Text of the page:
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Influenza in Maine

January 9 - Influenza (flu) is a contagious respiratory illness caused by viruses and can cause mild to severe illness. Serious outcomes of flu infection can result in hospitalization or death. Some people, such as older people, young children, and people with chronic conditions are at high risk for serious flu complications, including:

· People with asthma

· People with diabetes

· People with heart disease and those who have had strokes

· Adults 65 years of age and older

· Pregnant women

· People who have HIV or AIDS

· Children younger than 5 but especially children younger than 2

Most people who get the flu will have mild illness, will not need medical care or antiviral drugs, and will recover in less than two weeks. Some people, however, are more likely to get flu complications that result in being hospitalized and occasionally result in death. Pneumonia, bronchitis, sinus infections and ear infections are examples of flu-related complications.

The flu also can make chronic health problems worse. For example, people with asthma may experience asthma attacks while they have the flu, and people with chronic congestive heart failure may experience a worsening of this condition that is triggered by the flu.

Influenza symptoms include fever, cough, body aches, headache, chills, sore throat, runny or stuffy nose, fatigue, and sometimes vomiting and diarrhea. Some people with the flu may not have a fever.

Influenza is spread mainly by droplets made when people cough, sneeze or talk. These droplets can land in the mouths or noses of people who are nearby. Or a person may get the flu from touching something that has the flu virus on it and then touching their own nose, mouth or eyes. People with the flu can shed the virus and infect others from one day before getting sick to five to seven days after.

The best way to prevent the flu is by getting vaccinated each year. Other methods of preventing the flu include:

1. Avoid close contact.

Avoid close contact with people who are sick. When you are sick, keep your distance from others to protect them from getting sick too.

2. Stay home when you are sick.

If possible, stay home from work, school, and errands when you are sick. You will help prevent others from catching your illness.

3. Cover your mouth and nose.

Cover your mouth and nose with a tissue when coughing or sneezing. It may prevent those around you from getting sick.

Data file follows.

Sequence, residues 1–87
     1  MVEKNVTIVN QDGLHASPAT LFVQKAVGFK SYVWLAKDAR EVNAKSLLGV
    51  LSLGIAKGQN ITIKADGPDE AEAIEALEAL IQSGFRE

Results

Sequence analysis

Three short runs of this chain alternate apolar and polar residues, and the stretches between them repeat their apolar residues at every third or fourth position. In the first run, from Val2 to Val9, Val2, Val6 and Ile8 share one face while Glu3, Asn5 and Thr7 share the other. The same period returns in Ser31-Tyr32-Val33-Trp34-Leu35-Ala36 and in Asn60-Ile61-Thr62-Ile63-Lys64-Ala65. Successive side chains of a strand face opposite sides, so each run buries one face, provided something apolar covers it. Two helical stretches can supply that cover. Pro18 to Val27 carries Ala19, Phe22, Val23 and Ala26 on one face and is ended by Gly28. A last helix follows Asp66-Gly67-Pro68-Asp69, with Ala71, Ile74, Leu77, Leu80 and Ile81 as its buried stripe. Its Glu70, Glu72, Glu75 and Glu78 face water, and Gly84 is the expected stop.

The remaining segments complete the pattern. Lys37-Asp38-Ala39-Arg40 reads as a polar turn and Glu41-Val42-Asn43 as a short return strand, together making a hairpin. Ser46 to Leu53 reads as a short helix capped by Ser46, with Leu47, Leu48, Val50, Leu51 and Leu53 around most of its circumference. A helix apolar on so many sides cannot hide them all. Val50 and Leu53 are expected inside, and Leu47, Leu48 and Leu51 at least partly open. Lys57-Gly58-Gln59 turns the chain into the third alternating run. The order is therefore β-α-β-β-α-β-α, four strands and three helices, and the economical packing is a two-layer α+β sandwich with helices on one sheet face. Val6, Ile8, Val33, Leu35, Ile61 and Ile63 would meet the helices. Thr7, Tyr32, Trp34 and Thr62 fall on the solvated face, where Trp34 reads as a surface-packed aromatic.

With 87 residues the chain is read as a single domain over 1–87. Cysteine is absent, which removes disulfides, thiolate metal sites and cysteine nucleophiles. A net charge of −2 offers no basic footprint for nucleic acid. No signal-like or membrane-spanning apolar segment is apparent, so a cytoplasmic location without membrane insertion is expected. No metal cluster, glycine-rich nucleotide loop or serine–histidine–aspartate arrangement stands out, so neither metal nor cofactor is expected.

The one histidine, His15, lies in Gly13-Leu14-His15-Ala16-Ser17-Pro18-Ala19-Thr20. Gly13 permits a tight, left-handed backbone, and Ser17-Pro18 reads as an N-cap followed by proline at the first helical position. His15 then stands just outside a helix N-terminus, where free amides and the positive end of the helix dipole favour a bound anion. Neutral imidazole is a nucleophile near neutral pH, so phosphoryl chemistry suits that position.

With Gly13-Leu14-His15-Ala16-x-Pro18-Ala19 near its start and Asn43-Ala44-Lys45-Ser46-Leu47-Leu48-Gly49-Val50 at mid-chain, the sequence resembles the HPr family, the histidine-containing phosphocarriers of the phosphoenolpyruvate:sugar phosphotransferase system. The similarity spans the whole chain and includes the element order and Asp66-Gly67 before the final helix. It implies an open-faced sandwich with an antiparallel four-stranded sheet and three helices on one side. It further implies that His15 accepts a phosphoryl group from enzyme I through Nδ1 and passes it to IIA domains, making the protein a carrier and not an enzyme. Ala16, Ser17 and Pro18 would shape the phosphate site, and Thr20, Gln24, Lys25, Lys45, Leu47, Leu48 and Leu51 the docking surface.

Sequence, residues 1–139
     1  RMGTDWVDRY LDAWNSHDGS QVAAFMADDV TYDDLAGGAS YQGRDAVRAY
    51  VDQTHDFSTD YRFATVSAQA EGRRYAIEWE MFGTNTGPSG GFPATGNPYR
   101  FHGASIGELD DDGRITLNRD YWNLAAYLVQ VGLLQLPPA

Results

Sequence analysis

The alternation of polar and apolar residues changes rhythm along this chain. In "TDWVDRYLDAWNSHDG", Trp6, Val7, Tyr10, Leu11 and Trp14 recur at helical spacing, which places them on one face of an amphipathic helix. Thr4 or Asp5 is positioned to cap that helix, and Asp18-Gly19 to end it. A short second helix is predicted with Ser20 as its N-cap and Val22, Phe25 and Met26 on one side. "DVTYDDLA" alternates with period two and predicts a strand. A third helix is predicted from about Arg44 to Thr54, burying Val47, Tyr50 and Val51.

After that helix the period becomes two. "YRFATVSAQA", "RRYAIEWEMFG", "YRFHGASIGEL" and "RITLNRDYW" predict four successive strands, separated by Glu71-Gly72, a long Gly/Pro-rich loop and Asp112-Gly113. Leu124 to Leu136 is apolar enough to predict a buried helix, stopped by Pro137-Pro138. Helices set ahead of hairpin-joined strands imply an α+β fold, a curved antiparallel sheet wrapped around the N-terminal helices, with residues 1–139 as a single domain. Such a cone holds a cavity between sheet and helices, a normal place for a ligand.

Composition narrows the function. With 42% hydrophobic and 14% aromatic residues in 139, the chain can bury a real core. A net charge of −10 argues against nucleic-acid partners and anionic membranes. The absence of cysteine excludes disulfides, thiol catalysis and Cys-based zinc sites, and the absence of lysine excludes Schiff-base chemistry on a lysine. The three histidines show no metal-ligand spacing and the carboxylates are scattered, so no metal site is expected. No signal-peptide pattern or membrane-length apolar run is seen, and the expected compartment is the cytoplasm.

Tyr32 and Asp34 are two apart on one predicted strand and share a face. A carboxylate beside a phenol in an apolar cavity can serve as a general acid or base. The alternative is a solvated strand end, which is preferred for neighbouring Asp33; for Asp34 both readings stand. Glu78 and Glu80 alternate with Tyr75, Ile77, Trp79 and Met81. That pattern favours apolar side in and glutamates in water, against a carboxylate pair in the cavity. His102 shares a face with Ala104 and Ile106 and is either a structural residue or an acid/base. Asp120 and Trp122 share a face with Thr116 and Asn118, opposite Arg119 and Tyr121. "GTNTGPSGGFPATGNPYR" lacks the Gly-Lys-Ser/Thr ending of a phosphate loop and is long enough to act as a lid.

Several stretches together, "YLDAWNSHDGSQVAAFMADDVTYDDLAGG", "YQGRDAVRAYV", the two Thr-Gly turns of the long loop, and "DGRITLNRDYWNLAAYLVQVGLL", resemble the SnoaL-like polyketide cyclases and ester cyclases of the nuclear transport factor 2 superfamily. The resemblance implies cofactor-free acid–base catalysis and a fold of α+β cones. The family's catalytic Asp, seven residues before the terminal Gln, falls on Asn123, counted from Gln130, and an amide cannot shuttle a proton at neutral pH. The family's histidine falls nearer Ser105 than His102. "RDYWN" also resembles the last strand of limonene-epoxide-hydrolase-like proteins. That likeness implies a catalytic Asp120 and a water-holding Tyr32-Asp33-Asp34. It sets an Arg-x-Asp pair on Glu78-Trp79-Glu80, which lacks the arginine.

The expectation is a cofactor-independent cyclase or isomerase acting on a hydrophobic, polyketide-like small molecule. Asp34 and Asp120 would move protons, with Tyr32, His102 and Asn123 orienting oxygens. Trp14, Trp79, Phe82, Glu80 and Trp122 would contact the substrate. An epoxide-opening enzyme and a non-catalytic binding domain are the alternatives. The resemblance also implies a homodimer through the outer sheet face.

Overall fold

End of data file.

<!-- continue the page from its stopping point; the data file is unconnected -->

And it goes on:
4. Clean your hands.

Washing your hands often will help protect you from germs. If soap and water are not available, use an alcohol-based hand rub.

5. Avoid touching your eyes, nose or mouth.

Germs are often spread when a person touches something that is contaminated with germs and then touches his or her eyes, nose, or mouth.

6. Practice other good health habits.

Clean and disinfect frequently touched surfaces at home, work or school, especially when someone is ill. Get plenty of sleep, be physically active, manage your stress, drink plenty of fluids, and eat nutritious food.

If you have a high risk condition and you get the flu, early treatment with flu antiviral medications is important. Antiviral drugs are prescription medications that can be used to treat the flu. Swift treatment with antiviral drugs in someone with a high risk condition can mean the difference between experiencing mild symptoms at home instead of suffering a very severe illness that could result in a hospital stay. Studies show that these drugs work best when they are started within 2 days of getting sick. However, starting them later can still be helpful, especially if the sick person has a high risk health condition or is very sick from the flu.

Antiviral medications are not a substitute for vaccination. Annual flu vaccination is the first and best way to prevent the flu, but if you do get sick with the flu, antiviral medications are a second line of defense to treat the flu. Antiviral medicines can be prescribed by a physician to help make flu illness milder and shorten the time you are sick. Antiviral drugs may prevent serious flu complications. If you have a high risk medical condition and develop flu-like symptoms, check with your physician promptly.

PVH does request patients that may be coming in to the hospital or healthcare providers’ offices with a fever and cough to please wear a mask to help contain the virus; masks are available at each entrance and registration desk. Let’s all commit to practicing good hand hygiene and masking to help prevent the spread of the flu this season. 

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